The Mine Safety and Health Administration (MSHA) has published its final rule regarding examinations of working places in metal and nonmetal mines that opens more leeway for those who are conducting the mine inspections to exercise their own judgment.
The regulation goes into effect on this June 2. The new requirements are:
• A competent person must complete a workplace examination at least once each shift for each working place where miners are scheduled to work.
• The examination must be conducted “before work begins or as miners begin work in that place.”
• Mine operators must promptly initiate any necessary corrective actions for identified adverse health and safety conditions.
• Mine operators must provide timely notification of adverse conditions that are found but are not promptly corrected to miners who will be working in that place.
The examination record must be completed prior to the end of the shift, including the name of the person conducting the examination; the date of the examination, location of all areas examined, a description of each condition found which could adversely affect the safety or health of miners that is not promptly corrected, and the date of corrective actions taken.
The mine operator must keep a copy of the examination record for one year and make the record available to MSHA and the miners’ representative, with a copy provided upon request.
Could Have Been Worse
Attorneys at the law firm of Seyfarth Shaw point out that while the new regulation imposes new requirements on mine operators, it is notably less burdensome that previous iterations of the workplace examination rule that have been in process for several years. For example, they note, a previous proposed version of the rule would have required operators to examine workplaces before work began, but now the rule adds on “or as miners begin work in that place.”
The final rule apparently does not alter MSHA’s past requirement that inspections must take place near enough to the start of a shift so that conditions would not have changed before miners enter that work area. In the new version, however, an inspection doesn’t have to be completed for the entire mine before work begins. An inspection is only mandated for areas where work will actually take place during that shift.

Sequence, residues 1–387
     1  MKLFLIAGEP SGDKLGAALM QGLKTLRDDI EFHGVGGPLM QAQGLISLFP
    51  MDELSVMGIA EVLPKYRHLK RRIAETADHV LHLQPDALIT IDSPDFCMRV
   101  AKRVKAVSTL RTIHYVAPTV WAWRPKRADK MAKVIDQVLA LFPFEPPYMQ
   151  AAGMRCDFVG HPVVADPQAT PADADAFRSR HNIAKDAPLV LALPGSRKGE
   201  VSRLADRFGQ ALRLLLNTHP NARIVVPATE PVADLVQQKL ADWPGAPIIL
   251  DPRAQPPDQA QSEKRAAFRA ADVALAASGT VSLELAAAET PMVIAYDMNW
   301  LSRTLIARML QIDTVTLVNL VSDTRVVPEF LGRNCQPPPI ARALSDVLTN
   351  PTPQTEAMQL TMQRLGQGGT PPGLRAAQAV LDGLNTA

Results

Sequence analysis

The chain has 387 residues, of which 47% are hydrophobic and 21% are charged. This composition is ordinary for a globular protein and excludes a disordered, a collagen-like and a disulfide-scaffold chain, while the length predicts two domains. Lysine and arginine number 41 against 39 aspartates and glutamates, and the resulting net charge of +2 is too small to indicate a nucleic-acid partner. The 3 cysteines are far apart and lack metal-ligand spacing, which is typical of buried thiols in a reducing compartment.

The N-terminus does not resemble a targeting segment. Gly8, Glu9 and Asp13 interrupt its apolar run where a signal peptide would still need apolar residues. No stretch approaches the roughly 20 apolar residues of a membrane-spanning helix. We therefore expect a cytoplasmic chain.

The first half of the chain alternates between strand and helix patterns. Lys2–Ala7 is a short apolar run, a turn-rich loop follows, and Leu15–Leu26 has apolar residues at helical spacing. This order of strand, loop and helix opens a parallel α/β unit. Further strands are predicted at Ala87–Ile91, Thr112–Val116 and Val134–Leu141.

Seyfarth Shaw attorneys also cite another example of the differences between the proposed and final rule. The earlier version would have required operators to notify miners of all identified conditions, even if those conditions had been corrected before work began. Now, under the final rule, notification will only be required regarding those conditions that are not corrected. In addition, operators need only make a record of conditions that are not promptly corrected.
Although the new rule is less burdensome on the regulated community than previous versions of the rule would have been, operators need to be mindful of potential pitfalls, the Seyfarth Shaw attorneys warn. The new rule appears to leave open the opportunity for MSHA to use operator examination records as “evidence” of a violation, or to support higher negligence findings.
“And of course, the new requirements will provide MSHA with more bases to issue citations, since it will be a violation to not complete the various requirements under the new rule, including documentation of the date corrective action is completed for issues not promptly corrected,” the Seyfarth Shaw lawyers observe.
The new rule also does little to allay mine operators’ fears that it could be used to expand enforcement by MSHA because it does nothing to limit personal interpretations by inspectors. These could include definitions of what is “prompt” correction of conditions or “prompt” notification to miners, as well as how close in time to the beginning of work an examination must be completed.
The provision calling for recording the date on which conditions are corrected could lead to operators to be charged for not correcting conditions quickly enough, and increases the work needed to keep examination records up to date.
MSHA announced that it will hold stakeholder meetings at six locations across the country to provide outreach and compliance assistance materials on the Final Rule. The schedule is: May 1, Bloomington, Ill.; May 15, Birmingham, Ala.; May 17, Pittsburgh; May 22, Reno, Nev.; May 24, Dallas; and May 31, Denver. In addition, the agency says it plans to hold stakeholder meetings in Seattle and at MSHA’s district offices by way of video teleconferencing at a later date.